In terms of clustering within individual schools, we did not replicate results from a US population study [11], which found initial differences in disordered weight control behaviours between schools (although these did not persist following adjustment for individual risk factors), or those in our record-linkage study [8], in which we found clear differences between schools in rates of diagnosed eating disorders.

There are several possible explanations for findings differing according to the use of population as opposed to record-linkage data. The reversal of the trend in relation with whether more academic schools are a risk or protective factor for disordered eating could possibly be explained if the clustering found in the Swedish record-linkage study was due to schools with greater proportions of highly educated parents being more adept at detecting students with difficulties and ensuring they were referred for treatment. Alternatively, it may be due to sociodemographic variables operating in different directions for disordered eating behaviours in the community in comparison with those presenting for treatment. This has been seen at an individual level, where higher socioeconomic status and maternal education are risk factors for diagnosed eating disorders [25, 26], but financial difficulties appear to be a risk factor for disordered eating behaviours seen in the community [20]. Another possible explanation is the difference between the Swedish and UK school system: Swedish students choose which “Gymnasium” (High School) to move to at 15, and Gymnasiums vary in terms of the programmes of study offered. This may mean that Gymnasiums have student bodies which are more different from each other than UK secondary schools. For example, some Gymnasiums may have large numbers of high achieving, perfectionistic girls, who are at greater risk of developing eating disorders.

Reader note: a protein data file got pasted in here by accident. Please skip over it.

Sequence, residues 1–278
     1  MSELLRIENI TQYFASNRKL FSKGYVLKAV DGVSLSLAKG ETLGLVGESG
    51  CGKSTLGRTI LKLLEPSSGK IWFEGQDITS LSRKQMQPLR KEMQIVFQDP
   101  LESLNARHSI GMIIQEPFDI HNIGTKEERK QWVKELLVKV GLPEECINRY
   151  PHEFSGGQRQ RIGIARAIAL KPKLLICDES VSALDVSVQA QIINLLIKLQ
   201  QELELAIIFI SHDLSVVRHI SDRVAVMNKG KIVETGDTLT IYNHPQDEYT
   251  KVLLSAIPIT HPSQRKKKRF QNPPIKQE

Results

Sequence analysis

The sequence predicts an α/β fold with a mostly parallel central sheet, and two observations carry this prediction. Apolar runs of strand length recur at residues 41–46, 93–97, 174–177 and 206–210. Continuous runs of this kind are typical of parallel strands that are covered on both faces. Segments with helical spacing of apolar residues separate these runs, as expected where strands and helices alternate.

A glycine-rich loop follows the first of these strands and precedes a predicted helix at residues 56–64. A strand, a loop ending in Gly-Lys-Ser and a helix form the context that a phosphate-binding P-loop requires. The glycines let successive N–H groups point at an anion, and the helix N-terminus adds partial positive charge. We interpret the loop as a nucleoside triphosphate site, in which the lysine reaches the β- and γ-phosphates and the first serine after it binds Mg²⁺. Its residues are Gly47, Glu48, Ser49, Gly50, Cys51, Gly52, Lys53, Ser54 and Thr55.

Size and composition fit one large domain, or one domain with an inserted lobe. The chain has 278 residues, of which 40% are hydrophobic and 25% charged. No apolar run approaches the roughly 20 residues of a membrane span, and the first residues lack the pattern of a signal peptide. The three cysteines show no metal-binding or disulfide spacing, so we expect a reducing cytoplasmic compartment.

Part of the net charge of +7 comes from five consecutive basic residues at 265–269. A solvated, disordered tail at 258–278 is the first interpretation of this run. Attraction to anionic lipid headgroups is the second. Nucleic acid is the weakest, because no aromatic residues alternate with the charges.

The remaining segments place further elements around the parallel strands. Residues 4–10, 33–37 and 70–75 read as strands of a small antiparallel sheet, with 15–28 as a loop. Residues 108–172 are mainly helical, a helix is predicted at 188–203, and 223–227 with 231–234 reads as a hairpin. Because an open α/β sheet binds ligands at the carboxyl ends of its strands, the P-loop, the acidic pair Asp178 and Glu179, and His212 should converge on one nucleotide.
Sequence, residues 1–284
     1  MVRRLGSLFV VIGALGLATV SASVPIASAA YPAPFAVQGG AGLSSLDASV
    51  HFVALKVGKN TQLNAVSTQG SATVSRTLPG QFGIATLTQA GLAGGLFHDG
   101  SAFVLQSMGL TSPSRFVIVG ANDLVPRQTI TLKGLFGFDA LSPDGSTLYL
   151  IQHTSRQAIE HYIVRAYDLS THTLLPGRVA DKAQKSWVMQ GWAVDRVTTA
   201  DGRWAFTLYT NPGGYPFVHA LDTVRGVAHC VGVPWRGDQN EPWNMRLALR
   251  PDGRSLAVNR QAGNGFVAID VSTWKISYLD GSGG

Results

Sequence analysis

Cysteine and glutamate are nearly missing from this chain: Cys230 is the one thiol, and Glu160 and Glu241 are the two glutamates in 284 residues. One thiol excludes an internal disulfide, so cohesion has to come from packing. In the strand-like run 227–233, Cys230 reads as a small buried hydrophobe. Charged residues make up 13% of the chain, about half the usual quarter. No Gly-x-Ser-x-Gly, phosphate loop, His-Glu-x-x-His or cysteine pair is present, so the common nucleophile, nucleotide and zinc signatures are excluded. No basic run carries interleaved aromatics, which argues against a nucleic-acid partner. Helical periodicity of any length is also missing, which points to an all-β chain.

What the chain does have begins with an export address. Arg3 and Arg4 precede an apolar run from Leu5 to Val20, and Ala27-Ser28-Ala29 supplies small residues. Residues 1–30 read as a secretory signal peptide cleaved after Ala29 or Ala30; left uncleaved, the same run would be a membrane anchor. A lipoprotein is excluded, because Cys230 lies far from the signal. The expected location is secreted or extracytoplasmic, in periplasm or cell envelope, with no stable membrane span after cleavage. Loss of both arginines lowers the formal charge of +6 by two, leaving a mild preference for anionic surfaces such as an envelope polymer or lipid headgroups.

The null finding with regard to clustering seems most likely to be due to the small numbers of ALSPAC students at individual schools. A further possibility is that rates of Anorexia Nervosa (the disorder predominantly seen in child and adolescent psychiatric services) do vary between schools, but we do not have sufficient numbers with AN to study this in ALSPAC.


Disordered eating behaviours at age 16 are more common in all-girl schools, and in schools with lower academic results. This suggests that interventions to identify students with eating disorders should be implemented across these schools in particular, to help them support their students with disordered eating behaviours.